Iran’s regional project
Iran’s strategic goal is to emerge as the dominant power in southwest Asia, including the Arab world
The leaders of Yemen’s Houthis, Lebanon’s Hezbollah, Iraq’s Dawa party and Bahrain’s Al-Wefaq party seek to implement their sectarian fundamentalist project in order to spread Iran’s influence beyond its borders. Those leaders consider Iran a cosmopolitan system rather than a state with defined boundaries. Tehran works via institutions, delegates and representatives in neighboring countries.
They have pledged unconditional allegiance, waging war and declaring peace on Tehran’s orders without taking into account the interests of their states. They do not consider Bahrain, Lebanon, Syria or Iraq as countries.
This fundamentalist, sectarian project is spearheaded by Iran, but is not limited to it. We have overlooked its conspiracies and preoccupied ourselves with Sunni fundamentalism so as not to look like supporters of sectarianism. This article will be described by Shiite sectarian media as sectarian, but there are dozens of books and articles by Western researchers about Shiite sectarianism that are not labelled as such.
The Arab researcher, however, is accused of sectarianism, and is considered a threat, whether he is an Islamist or a nationalist. The secular Arab who exaggerates about Sunni sectarianism should be more afraid of prevailing Shiite fundamentalism, because the latter is full of illusion and theocracy.
There was once a Shiite reform movement similar to the Sunni one. The former was influenced by the latter, and sought to reconcile between Shiite Islam and modernization. One of its most prominent figures was Mohammad Baqir al-Sadr, who wrote the books “Our Islam” and “Our Economy,” which were well-known among Muslim intellectuals during the 1960s because he maintained a moderate, non-sectarian position.
In Iran, moderate reformers include the late Mahdi Bazerkan and Ibrahim Yazdi, who is detained. They were influenced by the Sunni reform movement and were involved in the Iranian revolution, but believe that fundamentalism has dominated the country for the last three decades via power, money and exclusion.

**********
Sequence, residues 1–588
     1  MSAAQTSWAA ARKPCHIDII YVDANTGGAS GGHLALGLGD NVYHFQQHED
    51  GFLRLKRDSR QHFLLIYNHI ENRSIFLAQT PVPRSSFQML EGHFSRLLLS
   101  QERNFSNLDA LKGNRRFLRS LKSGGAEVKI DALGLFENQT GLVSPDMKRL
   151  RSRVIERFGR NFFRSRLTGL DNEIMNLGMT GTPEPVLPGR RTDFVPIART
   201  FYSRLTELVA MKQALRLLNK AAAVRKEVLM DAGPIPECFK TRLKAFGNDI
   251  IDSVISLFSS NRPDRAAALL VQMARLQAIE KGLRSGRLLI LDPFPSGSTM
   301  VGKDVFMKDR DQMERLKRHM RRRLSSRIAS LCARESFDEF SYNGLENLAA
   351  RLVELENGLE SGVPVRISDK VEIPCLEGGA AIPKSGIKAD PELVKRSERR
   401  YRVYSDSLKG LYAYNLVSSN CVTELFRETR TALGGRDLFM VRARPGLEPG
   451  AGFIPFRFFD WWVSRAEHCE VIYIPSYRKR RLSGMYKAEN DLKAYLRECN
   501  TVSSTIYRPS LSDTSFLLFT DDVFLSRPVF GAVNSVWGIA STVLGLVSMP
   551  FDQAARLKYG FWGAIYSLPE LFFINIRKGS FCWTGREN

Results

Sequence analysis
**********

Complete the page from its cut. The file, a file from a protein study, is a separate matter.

There are national transformation plans in the United Arab Emirates (UAE), Qatar and Turkey that are similar to Saudi Vision 2030. Tehran is implementing its own 20-year plan. Its main goal is to turn the country into an international force and an inspiration to the Muslim world. Iran’s strategic goal is to emerge as the dominant power in southwest Asia, including the Arab world.
Iran’s strategic goal is to emerge as the dominant power in southwest Asia, including the Arab worldJamal Khashoggi
“Tehran’s pragmatism will not seek a confrontation with foreign dominating forces except when its interests are threatened,” said Iranian politician Mohsen Rezaei, a pillar of the revolution. What is going on in the world today is a clear example of this. The United States is fighting alongside Iran in Iraq, or has paved the way for it to dominate the country.
Late Saudi Foreign Minister Prince Saud al-Faisal told the Americans: “We have fought together to save Iraq from Iranian control, but the United States has handed Iraq on a golden plate to Iran.” By understanding Tehran’s strategic 20-year vision, Saudi Arabia - which is leading the project against Shiite fundamentalism - has to reshape the conflict and push its allies to take the same position.
The crises in Yemen, Lebanon, Syria and Iraq should be linked and dealt with as one Iranian project that threatens all our cultural and political components, and our vision for the future. This project poses a serious threat to our region, and should be seriously confronted with a unified project before it is too late.
This article first appeared in Al Hayat on July 2, 2016.
Jamal Khashoggi is a Saudi journalist, columnist, author, and general manager of the upcoming Al Arab News Channel. He previously served as a media aide to Prince Turki al Faisal while he was Saudi Arabia's ambassador to the United States. Khashoggi has written for various daily and weekly Arab newspapers, including Asharq al-Awsat, al-Majalla and al-Hayat, and was editor-in-chief of the Saudi-based al-Watan. He was a foreign correspondent in Afghanistan, Algeria, Kuwait, Sudan, and other Middle Eastern countries. He is also a political commentator for Saudi-based and international news channels. Twitter: @JKhashoggi